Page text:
How to cope with health problems
I have been trying to understand the lifestyles and eating habits of young people. This is the age when most people have high energy levels and possess good appetites. Dr Shikha Sharma writes.brunch Updated: Jan 28, 2012 18:33 IST
I have been trying to understand the lifestyles and eating habits of young people. This is the age when most people have high energy levels and possess good appetites.
They are also independent in their choice of foods, which means they eat a lot of fast food. Common problems affecting young people include acne, dull skin, hair problems, digestive problems, lack of concentration and poor memory, headaches, weight issues and stress.Both the body and the mind need the correct prescription so young people can function at their best.
Solutions for the mind
The mind at this age is enthusiastic but tends to react adversely to even the slightest of unpleasant situations.
The person’s wishes and desires (some personal, some imposed by parents, peers and society) play on her or his mind. So pranayams would help calm the mind, actively relax the temper and get the mind to move in a positive direction.
At this age, music is like a balm. Listening to music or playing it channelises energies in a positive and constructive fashion.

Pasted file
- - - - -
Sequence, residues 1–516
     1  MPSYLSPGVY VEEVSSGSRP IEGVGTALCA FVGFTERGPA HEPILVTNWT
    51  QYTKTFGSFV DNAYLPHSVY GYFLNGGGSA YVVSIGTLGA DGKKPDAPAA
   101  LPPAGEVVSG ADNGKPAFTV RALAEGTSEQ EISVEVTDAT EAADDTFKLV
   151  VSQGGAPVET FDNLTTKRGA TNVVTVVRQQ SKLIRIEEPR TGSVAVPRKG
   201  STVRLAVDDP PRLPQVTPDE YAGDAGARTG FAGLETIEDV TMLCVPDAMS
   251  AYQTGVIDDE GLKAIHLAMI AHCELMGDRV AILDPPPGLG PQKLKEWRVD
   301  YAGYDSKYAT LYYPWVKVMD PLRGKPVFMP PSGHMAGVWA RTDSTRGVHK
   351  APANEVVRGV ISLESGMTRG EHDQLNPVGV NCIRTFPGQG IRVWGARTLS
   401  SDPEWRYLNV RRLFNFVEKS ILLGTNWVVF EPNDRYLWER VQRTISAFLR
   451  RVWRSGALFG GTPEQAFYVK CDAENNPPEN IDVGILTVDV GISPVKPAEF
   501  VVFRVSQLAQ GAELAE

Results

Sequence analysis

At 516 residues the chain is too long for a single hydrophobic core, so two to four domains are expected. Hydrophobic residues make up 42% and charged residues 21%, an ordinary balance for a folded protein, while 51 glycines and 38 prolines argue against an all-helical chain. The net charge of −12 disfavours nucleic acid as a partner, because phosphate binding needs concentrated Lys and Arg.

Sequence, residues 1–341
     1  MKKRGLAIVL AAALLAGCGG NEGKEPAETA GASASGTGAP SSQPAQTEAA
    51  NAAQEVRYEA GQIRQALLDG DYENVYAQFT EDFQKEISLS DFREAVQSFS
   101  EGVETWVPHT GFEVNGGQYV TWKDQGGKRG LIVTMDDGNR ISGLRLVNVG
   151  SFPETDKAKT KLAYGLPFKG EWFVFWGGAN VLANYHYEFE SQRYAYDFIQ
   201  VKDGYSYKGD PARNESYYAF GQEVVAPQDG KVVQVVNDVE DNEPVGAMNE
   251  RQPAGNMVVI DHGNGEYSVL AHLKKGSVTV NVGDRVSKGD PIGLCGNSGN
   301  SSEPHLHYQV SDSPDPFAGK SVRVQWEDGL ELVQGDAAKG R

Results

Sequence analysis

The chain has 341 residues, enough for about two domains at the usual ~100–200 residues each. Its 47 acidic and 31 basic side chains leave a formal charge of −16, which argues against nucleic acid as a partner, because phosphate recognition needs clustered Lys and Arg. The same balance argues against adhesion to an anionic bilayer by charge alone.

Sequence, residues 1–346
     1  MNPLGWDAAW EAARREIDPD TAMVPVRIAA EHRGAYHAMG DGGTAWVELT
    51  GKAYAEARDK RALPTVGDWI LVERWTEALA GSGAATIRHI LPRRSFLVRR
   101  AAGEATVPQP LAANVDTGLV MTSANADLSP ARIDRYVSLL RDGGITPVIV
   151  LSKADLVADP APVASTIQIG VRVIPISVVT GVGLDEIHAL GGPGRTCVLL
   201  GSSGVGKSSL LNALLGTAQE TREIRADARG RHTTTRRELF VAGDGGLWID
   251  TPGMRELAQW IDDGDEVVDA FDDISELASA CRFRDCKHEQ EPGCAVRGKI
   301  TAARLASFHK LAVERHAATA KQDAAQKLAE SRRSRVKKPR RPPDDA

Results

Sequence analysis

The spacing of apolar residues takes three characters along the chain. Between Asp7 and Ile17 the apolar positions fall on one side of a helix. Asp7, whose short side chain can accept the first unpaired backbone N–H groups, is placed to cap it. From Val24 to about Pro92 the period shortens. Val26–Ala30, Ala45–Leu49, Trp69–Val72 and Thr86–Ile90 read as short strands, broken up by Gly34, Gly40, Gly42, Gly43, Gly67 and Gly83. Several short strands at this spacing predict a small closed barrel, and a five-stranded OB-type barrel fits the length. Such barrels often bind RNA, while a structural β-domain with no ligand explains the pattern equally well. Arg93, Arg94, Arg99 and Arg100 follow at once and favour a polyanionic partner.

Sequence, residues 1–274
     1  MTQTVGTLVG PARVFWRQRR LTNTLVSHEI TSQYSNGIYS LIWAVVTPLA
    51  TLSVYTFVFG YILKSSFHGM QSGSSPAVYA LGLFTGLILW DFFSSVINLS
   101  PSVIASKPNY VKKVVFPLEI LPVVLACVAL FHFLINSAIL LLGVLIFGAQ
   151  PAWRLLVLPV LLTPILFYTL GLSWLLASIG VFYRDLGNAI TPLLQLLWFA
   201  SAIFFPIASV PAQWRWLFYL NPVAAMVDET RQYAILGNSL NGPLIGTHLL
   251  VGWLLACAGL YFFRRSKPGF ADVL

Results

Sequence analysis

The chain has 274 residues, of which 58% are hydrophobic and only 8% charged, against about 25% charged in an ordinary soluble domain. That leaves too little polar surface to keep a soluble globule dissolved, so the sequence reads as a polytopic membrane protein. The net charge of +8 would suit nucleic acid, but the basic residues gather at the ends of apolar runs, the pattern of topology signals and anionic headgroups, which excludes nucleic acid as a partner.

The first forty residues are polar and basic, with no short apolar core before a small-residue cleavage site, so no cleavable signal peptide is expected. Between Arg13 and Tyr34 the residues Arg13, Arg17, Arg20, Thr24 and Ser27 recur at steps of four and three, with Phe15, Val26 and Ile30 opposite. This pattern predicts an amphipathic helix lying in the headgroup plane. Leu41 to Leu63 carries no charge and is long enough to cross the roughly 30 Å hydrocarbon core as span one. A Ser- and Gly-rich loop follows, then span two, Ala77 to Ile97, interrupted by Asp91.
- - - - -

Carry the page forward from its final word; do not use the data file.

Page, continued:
Sports and games help students vent out their frustrations in a focused way, and also help build a healthy physique. Many girls tend to diet to lose weight but do not achieve their proper figure.
Plus, they suffer from low blood pressure and low energy because of the complete lack of physical exercise in their life. And sports builds team spirit.
No one can be an achiever without being a good team player. This needs to be learnt early.
Creative pursuits like photography, theatre and so on give people special gifts which could either become a career later, or help in other fields.
Creative expression is also de-stressing, creates personal satisfaction and generates self worth.
Solutions for the body
For great skin and hair, make a juice of carrot, beetroot, ginger, celery / green vegetables, five tulsi leaves, barley grass or wheatgrass and tomato and drink it every day with rock salt.
Eat uncooked sprouts five times a week, dressed with a teaspoon each of honey and lime juice and salt.
Eat unrefined food four times a week in the form of vegetable dalia or vegetable brown rice poha, oat upma, brown rice idlis, boiled corn and barley salad, ragi dosa and jowar and bajra rotis when they are in season.
For protein, vegetarians may have grilled paneer, sprouts, soya milk and tofu, and non-vegetarians should eat grilled fish or chicken and boiled eggs.
Non-vegetarians should note that 60 per cent of their diets should be vegetarian.
From HT Brunch, January 29
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